An anti-vax Quebec lawyer opposed to COVID-19 health measures was disbarred by the Barreau du Québec after the legal society invoked a little-used section of the Professions Code.
Sexual harassment and violence is rife in Quebec legal workplaces, the overwhelming majority of which goes unreported for fear of repercussions, claims a report that calls on the province’s legal actors to work together to take concrete steps to raise awareness and address the pervasive culture of silence and impunity that permits harassment.
Sexual harassment, unwanted sexual attention and sexual coercion takes place in all workplace contexts, formal or informal, is often perpetrated by a colleague or a partner with a higher hierarchical status, and has far-reaching personal and professional consequences, with up to nearly 20 per cent of women changing career paths following the sexual misconduct, according to the study conducted by researchers at the Université Laval who were given the mandate by the Quebec Bar.
“The study denounces the culture of silence and impunity that endures in the legal profession,” remarked Julie Lassonde, a member of the Law Society of Ontario and the Barreau du Québec who has developed a consultancy business focused on the areas of gender, sexuality and social justice. “That is what will shock the most.”
Half of Quebec female lawyers have been subjected to sexual harassment, a third of Quebec lawyers were the subject of unwanted sexual conduct, and 4.2 per cent of women suffered “negative consequences” for refusing to engage in sexual activities. Approximately one per cent of lawyers who were the subject of sexual misconduct reached out to police.
So reveals a report unveiled by the Quebec Bar, three years after it was launched. Only 14 per cent of Quebec Bar members, or 3785 members out of 28,000 lawyers in the roll, responded to the survey.
Following the 76-page report, the Barreau du Québec intends to launch free training on harassment and sexual violence, and is considering making it compulsory. A committee will examine other options.
Here is the report (en français).
The heads of Quebec’s law schools welcomed a new bill that would allow law students working at university legal clinics to give legal advice and consultations under the supervision of lawyers and notaries, a development that would finally put them within reach of what law students in the rest of the country can provide.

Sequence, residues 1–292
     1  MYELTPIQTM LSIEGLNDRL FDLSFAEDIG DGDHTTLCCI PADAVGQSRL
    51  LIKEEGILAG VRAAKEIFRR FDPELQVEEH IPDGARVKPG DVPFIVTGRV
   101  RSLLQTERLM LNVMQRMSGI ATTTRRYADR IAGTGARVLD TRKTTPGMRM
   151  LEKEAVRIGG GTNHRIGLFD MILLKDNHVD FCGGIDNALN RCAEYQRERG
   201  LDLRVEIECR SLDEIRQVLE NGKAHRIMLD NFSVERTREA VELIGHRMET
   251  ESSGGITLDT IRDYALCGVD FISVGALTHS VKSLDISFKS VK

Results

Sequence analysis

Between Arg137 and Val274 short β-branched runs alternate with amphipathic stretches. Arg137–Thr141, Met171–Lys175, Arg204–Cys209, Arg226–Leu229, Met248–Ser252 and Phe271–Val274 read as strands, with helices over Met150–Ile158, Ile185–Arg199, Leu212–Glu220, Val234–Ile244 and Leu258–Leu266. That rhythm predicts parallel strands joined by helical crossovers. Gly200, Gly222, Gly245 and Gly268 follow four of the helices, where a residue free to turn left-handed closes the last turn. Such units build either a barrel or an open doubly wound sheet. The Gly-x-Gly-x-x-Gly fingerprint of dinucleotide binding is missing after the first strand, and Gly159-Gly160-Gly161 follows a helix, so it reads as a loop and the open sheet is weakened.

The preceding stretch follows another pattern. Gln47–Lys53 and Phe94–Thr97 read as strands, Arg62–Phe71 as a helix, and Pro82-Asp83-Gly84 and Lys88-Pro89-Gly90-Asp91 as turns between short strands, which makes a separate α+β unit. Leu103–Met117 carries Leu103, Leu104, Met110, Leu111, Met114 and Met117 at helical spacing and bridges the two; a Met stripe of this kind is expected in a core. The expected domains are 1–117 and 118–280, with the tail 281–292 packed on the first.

After three years of negotiations, the Quebec government and the provincial bar association reached an agreement to raise legal fees and to establish an independent working group that will conduct an exhaustive review of the tariff structure.
The agreement, widely perceived to be a “step in the right direction” by the Quebec legal community, calls for a five per cent retroactive increase in legal aid fees for the period of October 2017 to May 2019, and a 14.7 per cent increase in fees from June 2019 to September 2022.
The Quebec justice system, like elsewhere, is scrambling to put in place measures to make things move along during the Covid-19 outbreak. Sometimes, though, well-intentioned efforts risk doing more harm than good, especially if the recourses are rushed and not necessarily well researched, examined and analyzed.
This appears to be the case with efforts by the Quebec disciplinary council of presidents.
The Barreau du Québec has launched a free telephone call-in legal clinic to help citizens with questions they may have regarding their rights and responsibilities in light of the Covid-19 pandemic.
Some 200 Quebec lawyers from across the province are expected to voluntarily man the phones to reply to legal questions. Lawyers will answer legal questions ranging from employment to insurance to mortgage payments as well as admissibility to federal and provincial aid packages launched over the past week.
The bilingual service, a collaborative effort with the Quebec Ministry of Justice, the legal information broker Centre d’accès à l’information juridique (CAIJ) and the provincial legal aid agency Commission des services juridiques, is expected to be in operation for at least several weeks.
Calls by citizens will be screened so that they can be forwarded to lawyers who can reply to their questions.
Here’s how you can reach them.
- 1-866 699-9729 (toll-free)
- 1-514-789-2755 (Montreal)
- 1-418-838-6415 (Quebec City area)
- 1-819-303-4080 (Gatineau)
The Quebec government’s resolve to establish harmonious labour relations with its Crown prosecutors will be put to the test after the National Assembly received a report by a special committee that made a slew of recommendations to improve their labour conditions.
It will take a healthy dose of political will, huge investments and nearly a generation for the Quebec government to implement the wide-ranging recommendations an inquiry that examined treatment of Indigenous people made to the province’s justice and correctional systems, according to legal experts.
In the latest of a growing body of reports examining the plight of Indigenous people in Quebec, retired Quebec Superior Court Justice Jacques Viens concluded after an 18-month examination that “it seems impossible to deny” that members of the First Nations and Inuit are victims of systemic discrimination in accessing public services in Quebec.
More than 40 per cent of Quebec lawyers suffer from psychological distress, with young lawyers with less than 10 years of experience more prone to experiencing mental health issues, according to a study by researchers at the Université de Sherbrooke.
A lawsuit by the Quebec and Montreal Bars to compel the Quebec government to implement measures to ensure the legal equivalence of the French and English-language versions of Quebec statutes was quietly settled out of court.